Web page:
Of the 24 Challenger SRT Demon 170 owners at the Legion of Demons event, 21 of them ran a 9.21 or better, with 11 running in the 9.0 range and three running in the 8s. Those three 8-second Demon 170 racers were Mike Mulder, Jim Marino and Nephtali Garibay.

The cars owned by Mulder and Marino are nearly identical, both in how they were ordered and how they have been modified prior to racing action. Both cars came from the factory with cloth seats, but they have both removed the two factory seats and replaced them with a single lightweight driver’s seat. They also both have lightweight front and rear bumper supports, no front sway bars and they both have a Drag Pack setup with skinny front wheels.

Marino’s Demon 170 has a lightweight battery while Mulder is running the factory battery. When they hit the track, Jim Marino’s car weighed 4,300 pounds with him in it while Mike Mulder’s weighed in at 4,240 (it should be noted that Jim Marino weighs about 90 pounds more than Mulder).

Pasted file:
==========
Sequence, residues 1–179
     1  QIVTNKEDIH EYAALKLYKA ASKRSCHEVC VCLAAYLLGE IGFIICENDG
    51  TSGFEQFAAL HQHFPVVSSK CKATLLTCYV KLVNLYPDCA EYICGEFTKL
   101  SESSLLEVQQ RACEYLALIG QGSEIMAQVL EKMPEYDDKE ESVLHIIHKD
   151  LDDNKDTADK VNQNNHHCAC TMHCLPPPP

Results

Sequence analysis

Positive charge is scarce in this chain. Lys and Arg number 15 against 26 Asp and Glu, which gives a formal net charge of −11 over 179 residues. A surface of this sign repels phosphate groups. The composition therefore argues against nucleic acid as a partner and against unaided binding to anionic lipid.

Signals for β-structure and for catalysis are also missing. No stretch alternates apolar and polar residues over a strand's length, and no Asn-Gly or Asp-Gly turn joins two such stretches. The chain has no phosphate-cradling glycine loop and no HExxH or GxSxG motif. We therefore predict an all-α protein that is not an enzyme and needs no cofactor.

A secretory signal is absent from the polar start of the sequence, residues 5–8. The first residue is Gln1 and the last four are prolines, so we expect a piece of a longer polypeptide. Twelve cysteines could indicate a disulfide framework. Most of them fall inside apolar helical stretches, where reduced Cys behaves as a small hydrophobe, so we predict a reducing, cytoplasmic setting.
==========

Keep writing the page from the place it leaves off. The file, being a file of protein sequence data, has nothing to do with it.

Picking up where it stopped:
Mike Mulder ran a best elapsed time of 8.95 at 151.59 miles per hour and Jim Marino ran an 8.99 at 151.09 miles per hour. Mulder also made a pair of 8.97 runs, with his best trap speed being a 152.19.

Finally, Nephtali Garibay and his 2023 Dodge Challenger SRT Demon 170 laid down an 8.945 at 151.56 miles per hour at the Legion of Demons event in Texas, making him the quickest 170 racer in attendance. On that run, he recorded a 1.242 60-foot time and got to the 8th mile stripe in 5.708 seconds at 121.72 miles per hour. That time was recorded with a density altitude of 250 feet.